The social worker said that the CFA was also seeking the appointment of a guardian ad litem for the boy, who could look at his needs and how they were being met from an independent viewpoint.

The mother’s solicitor asked her if she was aware that the mother had been entirely dependent on her husband for income until his death when she began to receive disability allowance, and that it was the mother who had raised with her the issue of money for food and clothing. The solicitor said that the mother was concerned about the boy wearing ill-fitting clothes when she visited him in the unit. The social worker said he had recently had a growth spurt but his clothes seemed to fit him.

“He is receiving no education whatsoever at the moment,” the solicitor said. “If he was in my client’s care and not going to school you’d be down on her like a ton of bricks.”

“There are special difficulties because of his complex needs and issues around transport,” the social worker said. “There is correspondence with the Department of Education. They sent the application back to me seeking clarification.”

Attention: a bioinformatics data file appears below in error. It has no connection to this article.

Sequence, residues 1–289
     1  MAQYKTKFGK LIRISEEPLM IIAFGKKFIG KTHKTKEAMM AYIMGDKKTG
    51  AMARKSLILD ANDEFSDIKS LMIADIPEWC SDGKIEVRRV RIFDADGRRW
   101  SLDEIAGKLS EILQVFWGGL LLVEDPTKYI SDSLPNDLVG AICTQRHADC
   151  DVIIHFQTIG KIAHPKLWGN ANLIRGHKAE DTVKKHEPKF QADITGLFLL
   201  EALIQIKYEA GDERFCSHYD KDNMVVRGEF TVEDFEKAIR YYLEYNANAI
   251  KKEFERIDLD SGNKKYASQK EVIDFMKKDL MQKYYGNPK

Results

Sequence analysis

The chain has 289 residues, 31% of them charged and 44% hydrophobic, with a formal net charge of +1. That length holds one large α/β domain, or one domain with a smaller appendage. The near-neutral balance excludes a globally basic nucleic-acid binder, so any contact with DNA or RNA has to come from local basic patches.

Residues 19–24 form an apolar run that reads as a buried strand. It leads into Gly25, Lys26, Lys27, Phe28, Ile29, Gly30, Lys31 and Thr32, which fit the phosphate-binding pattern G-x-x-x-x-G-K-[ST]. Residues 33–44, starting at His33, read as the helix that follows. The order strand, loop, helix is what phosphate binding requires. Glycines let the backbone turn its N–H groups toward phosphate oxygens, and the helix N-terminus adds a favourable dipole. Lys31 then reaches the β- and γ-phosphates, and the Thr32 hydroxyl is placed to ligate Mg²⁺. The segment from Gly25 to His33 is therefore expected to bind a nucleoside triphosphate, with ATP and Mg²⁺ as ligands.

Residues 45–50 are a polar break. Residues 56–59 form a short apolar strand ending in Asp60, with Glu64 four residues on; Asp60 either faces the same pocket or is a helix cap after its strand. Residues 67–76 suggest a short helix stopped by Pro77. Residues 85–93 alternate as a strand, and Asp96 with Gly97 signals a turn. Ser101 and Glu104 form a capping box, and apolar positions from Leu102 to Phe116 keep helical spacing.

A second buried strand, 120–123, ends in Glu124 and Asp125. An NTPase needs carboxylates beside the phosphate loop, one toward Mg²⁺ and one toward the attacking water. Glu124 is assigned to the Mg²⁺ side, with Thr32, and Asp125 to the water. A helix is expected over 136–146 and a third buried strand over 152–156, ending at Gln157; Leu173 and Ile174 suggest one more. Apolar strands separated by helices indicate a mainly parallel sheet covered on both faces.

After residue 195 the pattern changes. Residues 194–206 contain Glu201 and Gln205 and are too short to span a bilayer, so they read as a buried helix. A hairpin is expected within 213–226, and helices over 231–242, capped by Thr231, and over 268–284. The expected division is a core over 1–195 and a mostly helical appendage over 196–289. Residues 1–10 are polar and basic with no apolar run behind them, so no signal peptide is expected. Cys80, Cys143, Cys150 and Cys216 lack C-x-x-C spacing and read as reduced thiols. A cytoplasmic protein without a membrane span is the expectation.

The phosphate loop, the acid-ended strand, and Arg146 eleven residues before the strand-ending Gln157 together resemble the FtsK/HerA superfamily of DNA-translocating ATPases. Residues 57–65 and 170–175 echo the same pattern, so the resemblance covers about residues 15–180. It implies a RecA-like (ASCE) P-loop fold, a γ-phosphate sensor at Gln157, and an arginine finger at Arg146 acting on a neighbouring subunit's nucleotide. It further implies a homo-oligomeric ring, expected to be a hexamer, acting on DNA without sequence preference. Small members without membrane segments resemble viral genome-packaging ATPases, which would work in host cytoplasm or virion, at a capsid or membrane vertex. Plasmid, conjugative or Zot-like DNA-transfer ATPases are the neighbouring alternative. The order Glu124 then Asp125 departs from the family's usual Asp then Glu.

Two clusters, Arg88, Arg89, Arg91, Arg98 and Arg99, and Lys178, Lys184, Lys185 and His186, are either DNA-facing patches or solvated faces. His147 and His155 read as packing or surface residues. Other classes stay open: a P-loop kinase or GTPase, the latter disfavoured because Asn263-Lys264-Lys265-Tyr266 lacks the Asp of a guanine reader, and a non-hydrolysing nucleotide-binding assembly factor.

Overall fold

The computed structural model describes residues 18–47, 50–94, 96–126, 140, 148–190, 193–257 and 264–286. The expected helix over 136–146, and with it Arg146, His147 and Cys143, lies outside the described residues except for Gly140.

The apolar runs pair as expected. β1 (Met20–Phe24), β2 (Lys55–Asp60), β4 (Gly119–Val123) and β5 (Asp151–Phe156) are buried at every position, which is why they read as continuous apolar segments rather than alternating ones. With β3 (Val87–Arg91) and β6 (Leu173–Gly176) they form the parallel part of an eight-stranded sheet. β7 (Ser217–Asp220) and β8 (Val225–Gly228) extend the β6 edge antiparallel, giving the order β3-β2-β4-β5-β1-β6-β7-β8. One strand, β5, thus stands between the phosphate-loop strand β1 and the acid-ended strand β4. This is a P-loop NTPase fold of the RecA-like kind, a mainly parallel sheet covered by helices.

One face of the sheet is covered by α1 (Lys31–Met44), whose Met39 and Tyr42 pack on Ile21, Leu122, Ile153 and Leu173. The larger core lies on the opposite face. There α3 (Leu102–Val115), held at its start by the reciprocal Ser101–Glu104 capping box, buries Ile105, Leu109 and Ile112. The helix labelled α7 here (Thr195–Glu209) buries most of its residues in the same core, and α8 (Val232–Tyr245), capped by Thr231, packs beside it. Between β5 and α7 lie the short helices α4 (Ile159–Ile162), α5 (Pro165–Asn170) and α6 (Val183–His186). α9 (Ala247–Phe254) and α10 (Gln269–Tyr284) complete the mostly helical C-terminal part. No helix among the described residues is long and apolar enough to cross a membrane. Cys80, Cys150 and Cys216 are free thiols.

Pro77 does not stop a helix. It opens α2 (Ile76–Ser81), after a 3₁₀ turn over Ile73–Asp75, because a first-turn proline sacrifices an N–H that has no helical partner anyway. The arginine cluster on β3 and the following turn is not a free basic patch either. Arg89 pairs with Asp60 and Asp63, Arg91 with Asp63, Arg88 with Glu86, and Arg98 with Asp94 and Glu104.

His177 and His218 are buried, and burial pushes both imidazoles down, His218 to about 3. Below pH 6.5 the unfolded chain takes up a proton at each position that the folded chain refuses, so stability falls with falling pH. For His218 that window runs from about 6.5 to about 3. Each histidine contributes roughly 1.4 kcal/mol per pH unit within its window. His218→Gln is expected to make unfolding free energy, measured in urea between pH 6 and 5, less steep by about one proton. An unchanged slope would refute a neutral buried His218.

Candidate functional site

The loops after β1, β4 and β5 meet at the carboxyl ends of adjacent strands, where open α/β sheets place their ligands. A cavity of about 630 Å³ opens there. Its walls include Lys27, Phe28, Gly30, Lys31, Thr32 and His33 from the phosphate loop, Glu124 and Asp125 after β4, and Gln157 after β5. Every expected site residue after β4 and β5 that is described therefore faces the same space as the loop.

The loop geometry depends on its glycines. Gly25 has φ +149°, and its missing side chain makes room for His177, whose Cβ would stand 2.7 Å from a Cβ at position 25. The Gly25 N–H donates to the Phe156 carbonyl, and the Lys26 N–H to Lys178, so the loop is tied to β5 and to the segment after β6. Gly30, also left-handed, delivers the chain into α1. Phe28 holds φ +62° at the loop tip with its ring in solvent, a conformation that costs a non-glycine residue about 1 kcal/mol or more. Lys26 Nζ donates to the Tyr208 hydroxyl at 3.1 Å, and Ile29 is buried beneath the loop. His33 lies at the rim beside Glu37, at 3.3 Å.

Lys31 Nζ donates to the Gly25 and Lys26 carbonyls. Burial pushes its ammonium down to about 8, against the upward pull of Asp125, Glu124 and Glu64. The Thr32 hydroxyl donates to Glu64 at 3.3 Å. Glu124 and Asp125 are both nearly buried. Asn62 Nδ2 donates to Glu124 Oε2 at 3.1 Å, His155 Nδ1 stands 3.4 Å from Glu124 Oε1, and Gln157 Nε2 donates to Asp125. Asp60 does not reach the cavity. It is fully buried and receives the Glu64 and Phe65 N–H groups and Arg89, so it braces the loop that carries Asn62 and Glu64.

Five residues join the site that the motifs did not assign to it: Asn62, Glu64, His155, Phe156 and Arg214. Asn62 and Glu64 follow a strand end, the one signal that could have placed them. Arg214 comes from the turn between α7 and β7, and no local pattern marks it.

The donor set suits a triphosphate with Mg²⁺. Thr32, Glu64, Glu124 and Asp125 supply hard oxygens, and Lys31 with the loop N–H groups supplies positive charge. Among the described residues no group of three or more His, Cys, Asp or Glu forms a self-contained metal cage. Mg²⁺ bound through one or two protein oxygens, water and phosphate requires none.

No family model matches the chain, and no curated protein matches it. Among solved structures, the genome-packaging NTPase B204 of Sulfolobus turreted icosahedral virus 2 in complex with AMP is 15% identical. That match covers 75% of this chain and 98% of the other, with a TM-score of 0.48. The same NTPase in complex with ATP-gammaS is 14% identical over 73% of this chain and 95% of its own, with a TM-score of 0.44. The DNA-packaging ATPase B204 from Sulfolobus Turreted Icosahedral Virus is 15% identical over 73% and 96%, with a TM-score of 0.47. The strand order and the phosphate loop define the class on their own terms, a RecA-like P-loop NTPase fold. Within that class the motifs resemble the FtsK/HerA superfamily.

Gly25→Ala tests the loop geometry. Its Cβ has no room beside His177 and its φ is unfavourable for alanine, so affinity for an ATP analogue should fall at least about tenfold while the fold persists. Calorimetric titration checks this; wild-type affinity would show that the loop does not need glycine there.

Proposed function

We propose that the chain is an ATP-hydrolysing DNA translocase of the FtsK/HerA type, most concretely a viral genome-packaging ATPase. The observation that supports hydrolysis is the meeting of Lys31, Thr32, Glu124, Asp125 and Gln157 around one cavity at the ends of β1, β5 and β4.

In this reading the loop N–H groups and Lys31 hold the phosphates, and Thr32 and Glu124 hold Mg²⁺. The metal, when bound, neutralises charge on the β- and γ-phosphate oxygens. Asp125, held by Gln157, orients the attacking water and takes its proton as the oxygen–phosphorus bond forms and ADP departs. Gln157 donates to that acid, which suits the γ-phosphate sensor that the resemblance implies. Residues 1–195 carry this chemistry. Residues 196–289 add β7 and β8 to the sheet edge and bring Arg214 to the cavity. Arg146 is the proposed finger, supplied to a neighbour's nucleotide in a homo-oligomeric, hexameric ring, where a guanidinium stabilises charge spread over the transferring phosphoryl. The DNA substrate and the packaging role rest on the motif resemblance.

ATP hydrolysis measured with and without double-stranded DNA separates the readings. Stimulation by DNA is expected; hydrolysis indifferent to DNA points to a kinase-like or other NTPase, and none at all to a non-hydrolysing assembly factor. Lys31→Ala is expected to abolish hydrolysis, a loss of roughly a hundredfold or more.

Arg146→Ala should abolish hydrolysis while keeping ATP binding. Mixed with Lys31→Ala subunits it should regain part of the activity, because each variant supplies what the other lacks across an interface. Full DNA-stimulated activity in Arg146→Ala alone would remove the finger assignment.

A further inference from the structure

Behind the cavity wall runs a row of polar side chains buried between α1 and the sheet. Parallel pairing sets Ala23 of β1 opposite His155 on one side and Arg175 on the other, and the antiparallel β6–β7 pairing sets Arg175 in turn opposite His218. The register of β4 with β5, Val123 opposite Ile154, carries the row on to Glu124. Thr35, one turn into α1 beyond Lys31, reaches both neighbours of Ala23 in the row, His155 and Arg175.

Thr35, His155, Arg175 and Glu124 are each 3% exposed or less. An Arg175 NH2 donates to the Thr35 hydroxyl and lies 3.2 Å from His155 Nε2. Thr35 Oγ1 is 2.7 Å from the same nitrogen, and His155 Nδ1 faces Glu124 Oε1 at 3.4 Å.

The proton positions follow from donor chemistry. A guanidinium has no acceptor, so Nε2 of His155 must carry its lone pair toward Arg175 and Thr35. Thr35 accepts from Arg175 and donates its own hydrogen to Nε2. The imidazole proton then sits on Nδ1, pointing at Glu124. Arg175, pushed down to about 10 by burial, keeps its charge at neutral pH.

“That’s bizarre,” said the judge. “You are writing on behalf of the CFA. When was it sent back? If the solicitor was to write to them, they could say there is no application before them. It might be a good idea, if there is no progress, for the court to sub poena the Department and ask them to come here and explain.

“It seems to me, if they send the application back to you, you go back to the end of the list again. I find it extraordinary that this would happen.”